nique encroach hourly, or appear to, on the source itself of poetry, it seems as
though what is needed for any particular nebulous unwritten hope that may
become a poem is not a manipulable, more or less predictably recurring pat-
tern, but cm unduplicatable resonance, something that would be like an echo
except that it is repeating no sound. Something that always belonged to it: its
sense and its information before it entered words" (270-71, my emphasis).
An unduplicatable resonance: from its inception, this is what most free
verse has striven to be. "For me," says Snyder, "every poem is unique . . .
A scary chaos fills the heart as 'spiritual breath-in'spir'ation; and is breathed
out into the thing-world as a poem" (357).
But there is one (and I think only one) exception to this poetics in the
Mezey-Berg anthology, and it marks a useful transition to the poetry in Out
of Everywhere. That exception is the poetry of Robert Crceley. Although
Creeley's own "Notes apropos 'Free Verse' " make much of Olson's field
composition and the use of breath, it also contains the following statement:
"I am myself hopeful that linguistic studies will bring to contemporary criti-
cism a vocabulary and method more sensitive to the basic activity of poetry
. . . Too, I would like to see a more viable attention paid to syntactic envi-
ronment, to what I can call crudely 'grammartology'" (185). And he talks
about his own interest in "a balance of four, a four square circumstance, be
it walls of a room or legs of a table . . . an intensive variation on 'four-
square' patterns such as [Charlie Parker's] 'I've Got Rhythm' " (186-87).
The "foursquare" jazz-based pattern Creeley talks of here may turn up
as a four-line stanza (e.g., "A Form of Women," "A Sight") but also as the
number of words per line, as in part 4 of the sequence called "Anger":

Face me, >


in the dark,
my face. See me.
After Free Verse 97

It is the cry >


I hear all
my life, my own ->

voice, my >
. eye locked in >
self sight, not >

the world what >


ever it is
but the close >

breathing beside >


me I reach out
for, feel as >

warmth in >
my hands then >
returned. The rage >

is what I
want, what ->
I cannot give

to myself, of
myself, in >
the world.
(182-83)

To call such poetry "free verse" is not quite accurate, for something is cer-
tainly being counted in these little block-like stanzas, even if it is neither
stress nor syllable but word. The pattern is 2-3-4, 4-3-4, 2-3-3, 3-3-3, 4-
4-3, 2-3-4, 3-2-4, 4-3-2, the final stanza reversing the word count of the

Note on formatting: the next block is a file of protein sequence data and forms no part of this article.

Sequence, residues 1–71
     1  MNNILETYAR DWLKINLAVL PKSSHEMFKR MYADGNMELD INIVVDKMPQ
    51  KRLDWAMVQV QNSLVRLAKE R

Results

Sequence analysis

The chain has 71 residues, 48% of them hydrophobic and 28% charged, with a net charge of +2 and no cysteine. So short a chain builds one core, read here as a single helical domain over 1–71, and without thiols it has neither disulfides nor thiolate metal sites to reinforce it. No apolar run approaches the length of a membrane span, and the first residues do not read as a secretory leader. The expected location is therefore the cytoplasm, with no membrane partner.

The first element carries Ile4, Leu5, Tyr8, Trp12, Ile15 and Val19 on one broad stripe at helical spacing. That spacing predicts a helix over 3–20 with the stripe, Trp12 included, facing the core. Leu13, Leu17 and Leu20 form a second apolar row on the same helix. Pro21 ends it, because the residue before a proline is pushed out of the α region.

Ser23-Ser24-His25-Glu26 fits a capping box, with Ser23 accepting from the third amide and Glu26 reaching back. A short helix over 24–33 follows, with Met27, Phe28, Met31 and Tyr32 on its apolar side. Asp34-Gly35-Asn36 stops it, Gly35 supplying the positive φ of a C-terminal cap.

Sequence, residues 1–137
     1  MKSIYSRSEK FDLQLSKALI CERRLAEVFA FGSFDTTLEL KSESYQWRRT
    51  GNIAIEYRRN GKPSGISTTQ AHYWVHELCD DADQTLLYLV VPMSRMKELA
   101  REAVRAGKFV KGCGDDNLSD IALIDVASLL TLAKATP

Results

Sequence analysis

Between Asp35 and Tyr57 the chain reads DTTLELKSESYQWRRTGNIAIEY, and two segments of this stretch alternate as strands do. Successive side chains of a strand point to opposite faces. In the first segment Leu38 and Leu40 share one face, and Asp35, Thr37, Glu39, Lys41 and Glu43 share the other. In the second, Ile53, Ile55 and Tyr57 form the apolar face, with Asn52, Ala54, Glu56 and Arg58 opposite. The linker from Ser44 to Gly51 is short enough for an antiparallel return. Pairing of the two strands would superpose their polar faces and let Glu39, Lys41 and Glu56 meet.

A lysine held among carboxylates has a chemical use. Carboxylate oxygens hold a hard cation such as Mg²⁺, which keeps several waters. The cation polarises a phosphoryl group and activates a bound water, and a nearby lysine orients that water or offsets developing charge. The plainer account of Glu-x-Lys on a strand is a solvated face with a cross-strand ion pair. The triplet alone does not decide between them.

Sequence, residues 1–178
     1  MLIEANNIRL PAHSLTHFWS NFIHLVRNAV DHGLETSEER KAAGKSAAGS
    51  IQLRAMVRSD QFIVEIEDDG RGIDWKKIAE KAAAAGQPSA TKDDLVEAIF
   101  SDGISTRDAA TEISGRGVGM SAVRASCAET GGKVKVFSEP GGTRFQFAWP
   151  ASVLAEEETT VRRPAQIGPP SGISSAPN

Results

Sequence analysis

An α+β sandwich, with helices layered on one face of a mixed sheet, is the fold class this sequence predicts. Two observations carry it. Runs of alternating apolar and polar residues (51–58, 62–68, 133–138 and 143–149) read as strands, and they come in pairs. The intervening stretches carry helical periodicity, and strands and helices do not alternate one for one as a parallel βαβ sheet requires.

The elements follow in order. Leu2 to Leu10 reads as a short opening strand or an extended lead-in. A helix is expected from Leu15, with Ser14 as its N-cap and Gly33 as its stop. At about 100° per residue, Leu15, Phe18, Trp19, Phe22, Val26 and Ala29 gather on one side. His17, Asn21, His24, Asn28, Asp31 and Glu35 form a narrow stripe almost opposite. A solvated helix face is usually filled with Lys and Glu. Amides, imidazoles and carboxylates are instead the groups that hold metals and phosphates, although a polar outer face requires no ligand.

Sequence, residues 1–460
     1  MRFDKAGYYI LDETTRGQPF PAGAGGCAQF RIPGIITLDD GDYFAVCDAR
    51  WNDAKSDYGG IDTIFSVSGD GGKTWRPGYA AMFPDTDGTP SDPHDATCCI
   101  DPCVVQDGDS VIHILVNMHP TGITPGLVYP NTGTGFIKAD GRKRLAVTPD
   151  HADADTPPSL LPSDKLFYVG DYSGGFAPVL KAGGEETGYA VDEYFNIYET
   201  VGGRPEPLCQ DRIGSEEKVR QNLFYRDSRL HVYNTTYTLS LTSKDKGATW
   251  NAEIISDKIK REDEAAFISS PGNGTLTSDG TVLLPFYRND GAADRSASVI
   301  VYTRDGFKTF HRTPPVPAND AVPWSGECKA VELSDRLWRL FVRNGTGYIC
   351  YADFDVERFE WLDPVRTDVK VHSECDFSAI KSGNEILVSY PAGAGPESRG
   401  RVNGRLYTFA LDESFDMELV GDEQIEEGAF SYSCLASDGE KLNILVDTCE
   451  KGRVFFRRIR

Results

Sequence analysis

first. So short are the line units and so heavily enjambed (twenty of twenty-
four lines) as well as broken by caesuras (see lines 3, 18), so basic the vocab-
ulary, made up as it is of prepositions, pronouns, and function words, that
each word takes on its own aura and receives its own stress, as in:

voice, my
eye locked in
self sight, not

And the stresses are further emphasized by the internal rhyme ("my / eye,"
also echoing "cry" "my" in the preceding tercet), overriding the line break,
and the pulling of "sight" in two directions: one toward "self" via allitera-
tion and the second toward "not" via consonance.
Indeed, although Creeley's tercets superficially resemble Levertov's, the
features of free verse I listed above hardly apply. This poem does not pres-
ent us with a mimesis of speech, tracking the process of perception. The
98 Sound's Measures

first-person pronoun ("I" / "my" / "me" / "myself") is used twelve times in


the space of seventy-five words, and yet that "I" is less a speaking voice than
a particle that passively submits to external manipulation:

is what I
want, what
I cannot give

where "want" and "what," separated by a single letter occlude the Ps halting
presence. Again, monosyllabic lines like "is what I" refer neither to sun and
stream, as in Merwin's poem nor to rocks and meadows, as in Snyder's.
There is no image complex to control the flow of speech; indeed the shift
from line to line is by no means linear: "Sec me" does not follow from
"Face me." The normal syntagmatic chain is broken, the first tercet, for
example, calling attention to the play of signifiers in "face me" / "my face"
rather than to that which is signified. And when we come to line 4, "It is
the cry," the normal flow of free verse is impeded because the unspecified
pronoun "It" returns us to previous tercet as we try to make out what "it"
might refer to. Or again, in line 7, "voice, my" means differently within the
line than in the larger structure of "my own / voice, my eye locked in / self
sight."
The syntactic ambiguity of lines like "for, feel as" and "want, what,"
coupled with the insistent word-stress, produces a rhythm of extreme
weight and fragmentationa land of aphasic stutter-that is both heard
and seen on the page. Each word, to cite Gertrude Stein, is as important as
every other word. Sound becomes obtrusive ("me I reach out") as does the
creation of paragrams, formed by cutting up complete sentences or clauses.
Thus, although at first glance, the look of Creeley's poem on the page is
not all that different from, say, the Snyder counterpart, the consistent de-
tachment of words from their larger phrasal or clausal environmenta prac-
tice that goes way beyond what is known as enjambmentcreates a very
different physical image.

Post-Linears and Multi-Mensionals

If the unit of free verse is, as all theorists agree, the line, then the unit of